Leader: Dancing to a different tune

A generation of v-cs swayed by the rhythms of meritocracy are finding fresh reserves of restraint on pay, regardless of background

March 24, 2011

Perhaps vice-chancellors do heed the words of Vince Cable, our ballroom-dancing business secretary, after all. Mr Cable, who is big on the quickstep but not the quick buck, last year accused university leaders of lacking "self-sacrifice" and urged them to show "restraint", a request that would seem akin to asking Cherie Blair not to talk about her sex life.

Mrs Blair is still at it but the vice-chancellors are not, it seems. A survey of vice-chancellor pay across the sector by accountants Grant Thornton for Times Higher Education reveals that salaries and benefits packages dropped by an average of 1.21 per cent in 2009-10. Many took a pay cut, such as Malcolm Grant, provost of University College London.

But one, Gerald Pillay at Liverpool Hope University, which is in the midst of torrid times, received a 20.6 per cent rise in what is described as a "readjustment" to bring his salary in line with that of the heads of similar institutions. However, he has returned much of this increase to the university's scholarship fund for disadvantaged students.

This year, we have broadened our survey to collect data on the educational backgrounds of those leading our universities. Science disciplines dominate, but more than a third studied humanities and social science subjects.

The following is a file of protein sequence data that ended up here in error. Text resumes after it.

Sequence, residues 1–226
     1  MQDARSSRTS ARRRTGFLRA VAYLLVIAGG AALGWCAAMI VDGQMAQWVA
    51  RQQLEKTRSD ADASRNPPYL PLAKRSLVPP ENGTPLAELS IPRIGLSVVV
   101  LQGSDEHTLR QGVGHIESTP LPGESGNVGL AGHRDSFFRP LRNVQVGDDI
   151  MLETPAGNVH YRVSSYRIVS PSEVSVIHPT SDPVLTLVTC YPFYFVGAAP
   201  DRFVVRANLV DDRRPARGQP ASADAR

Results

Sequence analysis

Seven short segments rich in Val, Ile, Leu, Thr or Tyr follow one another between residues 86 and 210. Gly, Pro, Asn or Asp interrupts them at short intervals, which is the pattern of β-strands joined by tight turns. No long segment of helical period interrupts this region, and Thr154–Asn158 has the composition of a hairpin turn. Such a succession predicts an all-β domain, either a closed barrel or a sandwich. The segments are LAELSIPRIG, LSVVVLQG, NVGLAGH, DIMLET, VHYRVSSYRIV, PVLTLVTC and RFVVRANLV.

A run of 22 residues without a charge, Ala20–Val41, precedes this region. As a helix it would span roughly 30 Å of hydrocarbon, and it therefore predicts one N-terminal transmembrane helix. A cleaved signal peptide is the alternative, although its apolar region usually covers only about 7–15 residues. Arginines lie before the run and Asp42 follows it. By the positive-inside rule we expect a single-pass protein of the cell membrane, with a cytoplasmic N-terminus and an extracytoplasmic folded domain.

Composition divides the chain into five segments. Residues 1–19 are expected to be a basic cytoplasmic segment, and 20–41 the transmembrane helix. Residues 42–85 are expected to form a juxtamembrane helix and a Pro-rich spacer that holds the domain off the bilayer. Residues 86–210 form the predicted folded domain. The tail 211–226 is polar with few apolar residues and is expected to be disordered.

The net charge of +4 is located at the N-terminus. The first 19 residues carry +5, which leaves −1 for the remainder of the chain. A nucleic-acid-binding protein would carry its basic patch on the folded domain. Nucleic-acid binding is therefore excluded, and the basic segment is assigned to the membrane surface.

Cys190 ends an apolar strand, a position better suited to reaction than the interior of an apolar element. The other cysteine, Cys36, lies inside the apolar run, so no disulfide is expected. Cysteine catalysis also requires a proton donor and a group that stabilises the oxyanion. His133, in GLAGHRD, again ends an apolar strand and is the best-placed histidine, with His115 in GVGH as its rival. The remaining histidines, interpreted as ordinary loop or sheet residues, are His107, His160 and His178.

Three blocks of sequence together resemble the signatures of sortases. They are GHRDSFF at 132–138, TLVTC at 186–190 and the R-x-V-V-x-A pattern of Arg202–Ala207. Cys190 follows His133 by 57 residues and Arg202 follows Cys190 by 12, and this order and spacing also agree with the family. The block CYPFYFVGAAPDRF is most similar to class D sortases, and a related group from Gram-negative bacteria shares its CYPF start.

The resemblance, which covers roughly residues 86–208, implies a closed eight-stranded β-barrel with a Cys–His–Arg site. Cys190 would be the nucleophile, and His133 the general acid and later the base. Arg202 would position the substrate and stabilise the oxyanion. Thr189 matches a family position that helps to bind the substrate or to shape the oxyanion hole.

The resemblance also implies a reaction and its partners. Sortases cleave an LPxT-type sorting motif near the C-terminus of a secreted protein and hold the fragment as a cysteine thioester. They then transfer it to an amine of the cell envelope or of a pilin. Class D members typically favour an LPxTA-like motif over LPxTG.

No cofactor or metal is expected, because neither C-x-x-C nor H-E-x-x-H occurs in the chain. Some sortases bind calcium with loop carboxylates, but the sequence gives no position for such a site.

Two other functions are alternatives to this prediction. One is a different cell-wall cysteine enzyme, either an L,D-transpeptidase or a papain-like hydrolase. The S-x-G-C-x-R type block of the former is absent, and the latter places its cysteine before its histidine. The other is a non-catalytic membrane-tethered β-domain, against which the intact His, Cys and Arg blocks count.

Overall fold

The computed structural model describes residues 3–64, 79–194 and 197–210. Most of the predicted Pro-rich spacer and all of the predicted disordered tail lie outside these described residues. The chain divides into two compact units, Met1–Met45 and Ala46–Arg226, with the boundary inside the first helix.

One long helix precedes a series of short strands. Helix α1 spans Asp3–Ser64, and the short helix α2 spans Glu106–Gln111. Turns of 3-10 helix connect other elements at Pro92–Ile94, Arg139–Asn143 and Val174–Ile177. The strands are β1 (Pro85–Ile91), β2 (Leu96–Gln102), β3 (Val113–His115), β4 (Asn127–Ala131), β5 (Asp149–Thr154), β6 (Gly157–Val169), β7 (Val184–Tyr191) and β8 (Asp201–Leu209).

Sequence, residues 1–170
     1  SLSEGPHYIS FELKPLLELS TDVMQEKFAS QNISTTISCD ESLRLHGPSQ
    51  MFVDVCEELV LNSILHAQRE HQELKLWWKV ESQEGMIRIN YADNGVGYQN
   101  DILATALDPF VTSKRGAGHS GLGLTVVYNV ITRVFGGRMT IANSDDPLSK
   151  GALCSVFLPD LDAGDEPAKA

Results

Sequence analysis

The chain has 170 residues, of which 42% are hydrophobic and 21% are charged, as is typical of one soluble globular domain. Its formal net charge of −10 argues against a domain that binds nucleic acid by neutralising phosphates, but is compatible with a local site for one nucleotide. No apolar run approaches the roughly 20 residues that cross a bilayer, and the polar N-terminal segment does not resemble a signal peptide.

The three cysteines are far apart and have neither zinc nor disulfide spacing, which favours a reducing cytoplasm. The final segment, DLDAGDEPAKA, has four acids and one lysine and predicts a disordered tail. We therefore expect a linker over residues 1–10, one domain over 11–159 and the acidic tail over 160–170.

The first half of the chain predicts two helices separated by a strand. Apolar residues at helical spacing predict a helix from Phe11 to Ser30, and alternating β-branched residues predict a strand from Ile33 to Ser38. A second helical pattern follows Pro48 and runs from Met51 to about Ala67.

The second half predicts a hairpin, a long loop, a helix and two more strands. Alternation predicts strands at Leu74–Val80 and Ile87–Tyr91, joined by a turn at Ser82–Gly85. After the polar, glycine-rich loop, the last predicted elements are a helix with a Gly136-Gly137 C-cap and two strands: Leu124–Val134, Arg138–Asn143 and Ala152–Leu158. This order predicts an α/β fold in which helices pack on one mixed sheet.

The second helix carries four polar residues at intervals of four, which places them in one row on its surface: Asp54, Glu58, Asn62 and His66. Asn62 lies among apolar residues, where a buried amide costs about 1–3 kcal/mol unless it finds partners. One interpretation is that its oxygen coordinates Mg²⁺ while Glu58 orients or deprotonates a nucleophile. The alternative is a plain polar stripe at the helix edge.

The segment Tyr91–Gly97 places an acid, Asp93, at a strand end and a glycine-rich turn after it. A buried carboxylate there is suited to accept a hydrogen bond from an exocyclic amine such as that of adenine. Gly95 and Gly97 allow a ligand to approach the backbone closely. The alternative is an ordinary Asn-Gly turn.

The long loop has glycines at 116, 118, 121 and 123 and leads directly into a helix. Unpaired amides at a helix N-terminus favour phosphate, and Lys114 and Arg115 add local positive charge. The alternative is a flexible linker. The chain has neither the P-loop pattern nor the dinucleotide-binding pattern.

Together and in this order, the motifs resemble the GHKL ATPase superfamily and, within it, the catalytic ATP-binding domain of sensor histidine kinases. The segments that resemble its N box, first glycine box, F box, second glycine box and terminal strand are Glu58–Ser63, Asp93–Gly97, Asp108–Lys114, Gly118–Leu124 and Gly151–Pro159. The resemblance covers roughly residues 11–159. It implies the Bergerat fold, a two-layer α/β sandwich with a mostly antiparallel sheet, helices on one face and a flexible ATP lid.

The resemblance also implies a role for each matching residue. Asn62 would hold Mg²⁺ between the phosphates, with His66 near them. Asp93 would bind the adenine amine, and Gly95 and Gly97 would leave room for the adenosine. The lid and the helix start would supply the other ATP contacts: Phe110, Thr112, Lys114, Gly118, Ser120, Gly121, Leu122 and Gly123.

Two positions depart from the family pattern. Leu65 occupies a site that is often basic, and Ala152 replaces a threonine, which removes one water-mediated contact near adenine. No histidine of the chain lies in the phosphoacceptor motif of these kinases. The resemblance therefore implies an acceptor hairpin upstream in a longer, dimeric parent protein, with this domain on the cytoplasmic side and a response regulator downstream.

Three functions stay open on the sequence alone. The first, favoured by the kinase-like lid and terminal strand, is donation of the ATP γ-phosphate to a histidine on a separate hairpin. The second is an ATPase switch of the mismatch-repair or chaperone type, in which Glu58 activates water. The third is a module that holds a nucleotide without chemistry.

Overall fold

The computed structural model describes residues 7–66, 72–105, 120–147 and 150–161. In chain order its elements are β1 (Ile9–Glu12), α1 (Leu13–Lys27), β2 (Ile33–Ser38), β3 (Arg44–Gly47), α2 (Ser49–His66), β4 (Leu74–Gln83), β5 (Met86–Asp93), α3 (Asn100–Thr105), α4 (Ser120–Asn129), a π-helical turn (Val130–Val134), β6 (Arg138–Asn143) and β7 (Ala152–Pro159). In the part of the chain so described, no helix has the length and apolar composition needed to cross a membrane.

When the Sutton Trust surveyed the same ground in 2007, it found that 58 per cent of UK vice-chancellors had attended grammar schools. In our wider survey (157 versus 117 heads), the figure is 39 per cent; independent school attendance is much the same at 20 per cent (35 per cent for the Russell Group).

Whatever the criticisms of grammars, and there are many, they did enable many vice-chancellors to be the first in their families to go to university. Steve Smith, leader of the University of Exeter and president of Universities UK, recalls how his parents had been told that "people like you don't go to university"; they were advised to find him a job "sweeping the floors of the local factory".

Les Ebdon, vice-chancellor of the University of Bedfordshire and head of Million+, says that grammar school transformed his life. However, his council estate roots leave him critical of the new fee regime: "If you come from a poorer background and went to a state school, (the fees will) seem out of this world."

Unsurprisingly, this experience has given him and a whole cohort of pre-Thatcher-educated vice-chancellors strong feelings about widening participation. Michael Arthur, head of the University of Leeds and chair of the Russell Group, attended a comprehensive. He says that the experience shaped him: "I have a profound belief in the importance of education as a key mechanism for improving society and making it a more equal place. That is my starting point. Everything else follows."

It will be interesting to see how the shifting proportion of state school versus private school education among the sector's leaders changes attitudes over time, but background does not necessarily dictate attitude.

Dominic Shellard, one of our "poshest" vice-chancellors (Dulwich College, St Peter's College, Oxford), heads De Montfort University, a post-1992; he is also one of our most open and approachable leaders. He made his salary public on arrival at De Montfort and last week danced with students for Comic Relief. Mr Cable would surely approve.


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